Newsshooter team member Simon Glass tries out the Exoskeleton with a heay case

Newsshooter team member Simon Glass tries out the Exoskeleton to carry a heavy case

The exoskeleton allows operators of brushless gimbals to hold and move with their rigs for long periods without fatiguing. Another advantage is that the exoskeleton stabilises the vertical movement of the gimbal – reducing the effect of footfall on the rig when walking.

The downsides are that the exoskeleton has a limited range of movement (although it covers all the usual ways a gimbal would be held) and also adds width to your body – making it harder to get through doors.

These limitations are a small price to pay though if you are planning to spend long hours shooting with a gimbal. The version we saw is still a prototype and improvements will surely come.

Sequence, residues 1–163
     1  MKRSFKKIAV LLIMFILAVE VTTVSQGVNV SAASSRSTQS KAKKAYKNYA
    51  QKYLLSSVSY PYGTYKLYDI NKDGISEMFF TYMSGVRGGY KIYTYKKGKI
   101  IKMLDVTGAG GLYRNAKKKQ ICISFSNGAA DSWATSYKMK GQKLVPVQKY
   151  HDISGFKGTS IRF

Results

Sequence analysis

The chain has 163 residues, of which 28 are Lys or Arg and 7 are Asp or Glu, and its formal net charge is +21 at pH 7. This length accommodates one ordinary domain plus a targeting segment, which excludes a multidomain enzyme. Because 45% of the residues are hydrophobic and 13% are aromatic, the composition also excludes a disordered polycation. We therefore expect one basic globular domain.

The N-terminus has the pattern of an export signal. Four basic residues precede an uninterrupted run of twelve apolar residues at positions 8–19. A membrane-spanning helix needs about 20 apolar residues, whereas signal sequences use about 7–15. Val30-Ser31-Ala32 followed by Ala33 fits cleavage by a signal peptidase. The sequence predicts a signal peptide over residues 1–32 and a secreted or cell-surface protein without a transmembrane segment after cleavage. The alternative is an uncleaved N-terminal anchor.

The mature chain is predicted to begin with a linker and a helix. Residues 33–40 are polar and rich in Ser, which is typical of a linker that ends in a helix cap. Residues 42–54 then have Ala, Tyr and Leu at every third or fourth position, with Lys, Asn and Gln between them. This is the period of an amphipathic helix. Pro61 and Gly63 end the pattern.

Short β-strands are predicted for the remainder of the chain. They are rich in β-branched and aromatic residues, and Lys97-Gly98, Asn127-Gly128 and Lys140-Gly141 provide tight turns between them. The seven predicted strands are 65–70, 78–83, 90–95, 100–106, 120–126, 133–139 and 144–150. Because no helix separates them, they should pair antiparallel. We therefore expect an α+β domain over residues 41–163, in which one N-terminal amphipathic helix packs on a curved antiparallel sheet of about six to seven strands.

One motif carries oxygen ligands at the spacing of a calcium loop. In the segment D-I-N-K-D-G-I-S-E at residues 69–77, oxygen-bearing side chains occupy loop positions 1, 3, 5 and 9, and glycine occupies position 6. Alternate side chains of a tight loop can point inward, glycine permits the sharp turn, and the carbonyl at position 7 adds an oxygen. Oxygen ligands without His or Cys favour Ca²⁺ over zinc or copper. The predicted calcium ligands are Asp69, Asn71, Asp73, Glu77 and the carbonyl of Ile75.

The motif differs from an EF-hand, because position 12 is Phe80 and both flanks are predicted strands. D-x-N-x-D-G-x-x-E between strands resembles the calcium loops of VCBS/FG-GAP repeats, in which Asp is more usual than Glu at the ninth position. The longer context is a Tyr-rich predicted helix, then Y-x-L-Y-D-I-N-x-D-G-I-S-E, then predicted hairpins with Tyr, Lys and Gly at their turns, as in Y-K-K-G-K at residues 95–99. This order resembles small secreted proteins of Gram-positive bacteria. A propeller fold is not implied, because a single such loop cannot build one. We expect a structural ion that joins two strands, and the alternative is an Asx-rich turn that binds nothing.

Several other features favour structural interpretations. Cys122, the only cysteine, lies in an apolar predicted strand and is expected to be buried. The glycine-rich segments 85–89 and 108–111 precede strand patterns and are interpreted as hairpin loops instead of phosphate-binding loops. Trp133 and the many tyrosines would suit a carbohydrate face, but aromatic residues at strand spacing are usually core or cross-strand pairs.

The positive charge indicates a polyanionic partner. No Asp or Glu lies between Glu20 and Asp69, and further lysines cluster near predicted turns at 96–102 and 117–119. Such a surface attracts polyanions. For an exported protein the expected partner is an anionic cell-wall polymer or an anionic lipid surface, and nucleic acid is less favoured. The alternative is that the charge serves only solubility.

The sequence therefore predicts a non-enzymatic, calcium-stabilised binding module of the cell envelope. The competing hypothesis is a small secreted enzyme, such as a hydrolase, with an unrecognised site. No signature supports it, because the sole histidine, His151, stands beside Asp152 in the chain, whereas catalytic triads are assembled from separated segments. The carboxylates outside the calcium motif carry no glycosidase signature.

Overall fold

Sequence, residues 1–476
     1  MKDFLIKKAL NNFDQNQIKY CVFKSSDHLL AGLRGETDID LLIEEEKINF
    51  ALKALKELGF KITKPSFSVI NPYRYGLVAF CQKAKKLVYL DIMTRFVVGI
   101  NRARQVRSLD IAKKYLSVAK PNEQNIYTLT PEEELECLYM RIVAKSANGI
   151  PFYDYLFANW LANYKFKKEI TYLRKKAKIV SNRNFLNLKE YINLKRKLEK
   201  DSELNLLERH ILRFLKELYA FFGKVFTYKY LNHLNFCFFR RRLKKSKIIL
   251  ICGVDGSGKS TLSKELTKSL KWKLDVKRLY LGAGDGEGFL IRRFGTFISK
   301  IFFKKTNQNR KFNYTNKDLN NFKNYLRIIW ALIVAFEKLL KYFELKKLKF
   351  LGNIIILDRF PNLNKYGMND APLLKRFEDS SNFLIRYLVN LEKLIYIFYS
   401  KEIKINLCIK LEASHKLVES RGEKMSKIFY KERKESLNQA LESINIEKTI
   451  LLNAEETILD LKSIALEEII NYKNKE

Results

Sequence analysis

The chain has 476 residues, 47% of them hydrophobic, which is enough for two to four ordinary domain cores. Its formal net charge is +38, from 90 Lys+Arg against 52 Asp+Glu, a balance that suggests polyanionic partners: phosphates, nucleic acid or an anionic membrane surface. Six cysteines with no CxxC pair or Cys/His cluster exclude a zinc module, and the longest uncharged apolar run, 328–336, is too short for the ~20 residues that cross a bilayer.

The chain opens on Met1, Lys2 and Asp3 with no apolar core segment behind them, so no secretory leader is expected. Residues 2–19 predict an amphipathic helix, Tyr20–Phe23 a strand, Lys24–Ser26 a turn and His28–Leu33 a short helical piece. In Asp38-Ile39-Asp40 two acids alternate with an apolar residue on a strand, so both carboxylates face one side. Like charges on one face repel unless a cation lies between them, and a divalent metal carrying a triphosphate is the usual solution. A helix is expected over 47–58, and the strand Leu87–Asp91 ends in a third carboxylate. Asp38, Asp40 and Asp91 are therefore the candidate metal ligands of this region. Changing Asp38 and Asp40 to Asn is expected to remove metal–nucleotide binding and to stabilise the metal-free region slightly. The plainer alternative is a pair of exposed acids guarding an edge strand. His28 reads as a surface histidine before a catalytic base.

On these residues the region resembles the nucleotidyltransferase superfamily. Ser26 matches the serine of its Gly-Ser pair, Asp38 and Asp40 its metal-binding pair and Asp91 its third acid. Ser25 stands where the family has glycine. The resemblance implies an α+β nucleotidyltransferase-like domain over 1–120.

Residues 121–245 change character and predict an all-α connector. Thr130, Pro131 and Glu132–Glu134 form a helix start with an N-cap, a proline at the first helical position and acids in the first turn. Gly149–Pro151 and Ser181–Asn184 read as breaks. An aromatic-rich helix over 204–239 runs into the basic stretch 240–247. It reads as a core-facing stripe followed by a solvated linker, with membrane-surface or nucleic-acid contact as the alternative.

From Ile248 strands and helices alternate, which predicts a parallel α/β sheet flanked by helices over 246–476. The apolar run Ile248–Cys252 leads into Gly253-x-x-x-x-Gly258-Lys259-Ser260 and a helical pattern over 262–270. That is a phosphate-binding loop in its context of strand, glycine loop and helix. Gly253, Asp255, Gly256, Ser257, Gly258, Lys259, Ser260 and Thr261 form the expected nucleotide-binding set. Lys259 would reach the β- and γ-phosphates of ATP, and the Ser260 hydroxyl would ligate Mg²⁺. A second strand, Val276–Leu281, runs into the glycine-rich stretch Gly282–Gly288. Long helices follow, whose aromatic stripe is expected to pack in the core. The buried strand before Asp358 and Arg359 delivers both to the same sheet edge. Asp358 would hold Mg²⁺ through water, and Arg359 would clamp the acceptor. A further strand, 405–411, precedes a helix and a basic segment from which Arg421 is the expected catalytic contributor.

The exoskeleton makes an interesting alternative to options like the Flowcine Serene/Easyrig combination where the rig is suspended from above the operator via a bar attached to a vest. It will be interesting to see which of these becomes the more favoured approach for gimbal operators in the future.

Projected price for the Exoskeleton is a reasonable 2000 Euros.


Posted on September 19th, 2014 by Dan Chung | Category: Brushless gimbals, Camera stabilsation systems, Camera support systems, IBC show | Permalink | Comments (0)

IBC 2014 video: Budget brushless gimbal maker Came-TV shows 8000 model for heavier payloads

By contributor Clinton Harn:

Brushless gimbals just keep getting cheaper and cheaper. At IBC Chinese budget gimbal maker CAME-TV were showing a CAME 8000 which caters for heavier cameras, all the way up to a RED Epic mounted with a PL lens. The design is far more rounded and has fewer trailing cables and rods than their previous models. They were showing it with a BMCC and it appears to have a Lanc trigger on the handgrip.